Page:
During consideration of the budget resolution last week,the Senate adopted an amendment introduced by U.S. Senator Mitt Romney (R-UT) aimed at restoring and strengthening endangered federal trust funds. The measure, cosponsored by 11 Republicans and Democrats, is based on Romney’s TRUST Act, which would create a process for Congress to develop solutions to save the government’s biggest, most important programs related to transportation, health care, and financial security.
The amendment passed by a vote of 71-29 – including all Republican senators and nearly half of Senate Democrats. Cosponsors of the amendment included Senators Angus King (I-ME), Rob Portman (R-OH), Kevin Cramer (R-ND), Joe Manchin (D-WV), Shelley Moore Capito (R-WV), Mike Rounds (R-SD), Mark Warner (D-VA), Todd Young (R-IN), Dan Sullivan (R-AK), and John Cornyn (R-TX).
“Last [week’s] vote indicates there is broad, bipartisan recognition of the need to address the looming insolvency of our federal trust funds,” Senator Romney said. “Congress has shown a willingness to spend what it takes to get us through the COVID-19 pandemic, and I’ve supported all of these efforts thus far. But that has required us to borrow trillions in the process, which has accelerated our fiscal problems. If we don’t take steps now to tackle a long-term problem we all see coming, it may hurt our ability to combat the next pandemic—or any other type of emergency for that matter.”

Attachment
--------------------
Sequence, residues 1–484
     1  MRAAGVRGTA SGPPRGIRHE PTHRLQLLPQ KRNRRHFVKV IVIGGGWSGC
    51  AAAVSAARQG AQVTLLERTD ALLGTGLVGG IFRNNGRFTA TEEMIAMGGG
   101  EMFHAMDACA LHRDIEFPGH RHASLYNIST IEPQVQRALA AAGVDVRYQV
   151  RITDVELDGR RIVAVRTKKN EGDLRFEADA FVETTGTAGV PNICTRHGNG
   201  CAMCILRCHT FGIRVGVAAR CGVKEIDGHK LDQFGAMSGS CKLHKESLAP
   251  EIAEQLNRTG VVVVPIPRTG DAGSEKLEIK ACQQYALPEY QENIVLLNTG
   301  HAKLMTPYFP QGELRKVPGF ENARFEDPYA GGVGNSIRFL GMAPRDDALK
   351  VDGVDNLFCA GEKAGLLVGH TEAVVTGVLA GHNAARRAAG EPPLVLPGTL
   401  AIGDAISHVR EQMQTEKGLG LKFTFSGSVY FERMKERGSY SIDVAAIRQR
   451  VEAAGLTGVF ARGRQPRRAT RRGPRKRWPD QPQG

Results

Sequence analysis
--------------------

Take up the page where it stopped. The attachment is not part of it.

The TRUST Actis cosponsored by Senators Joe Manchin (D-WV), Todd Young (R-IN), Kyrsten Sinema (D-AZ), Shelley Moore Capito (R-WV), Angus King (I-ME), Rob Portman (R-OH), Mark Warner (D-VA), John Cornyn (R-TX), Mike Rounds (R-SD), and Dan Sullivan (R-AK). U.S. Representatives Mike Gallagher (R-WI), Ed Case (D-HI), William Timmons (R-SC), Ben McAdams (D-UT), and Scott Peters (D-CA) previously introduced companion legislation in the House of Representatives.
Upon passage of the TRUST Act, the Treasury Department would have to deliver to Congress a report of the government’s major, endangered federal trust funds.
Congressional leaders would appoint members to serve on “Rescue Committees”—one per trust fund—with the mandate to draft legislation that restores solvency and otherwise improves each trust fund program.
Rescue Committees would ensure bipartisan consensus by requiring at least two members of each party to report legislation.
If a Rescue Committee reports a qualifying bill for its trust fund program, it would receive expedited consideration in both chambers. While 60 votes would be required to invoke cloture prior to final passage in the Senate, only a simple majority would be needed for the motion to proceed, which would be privileged.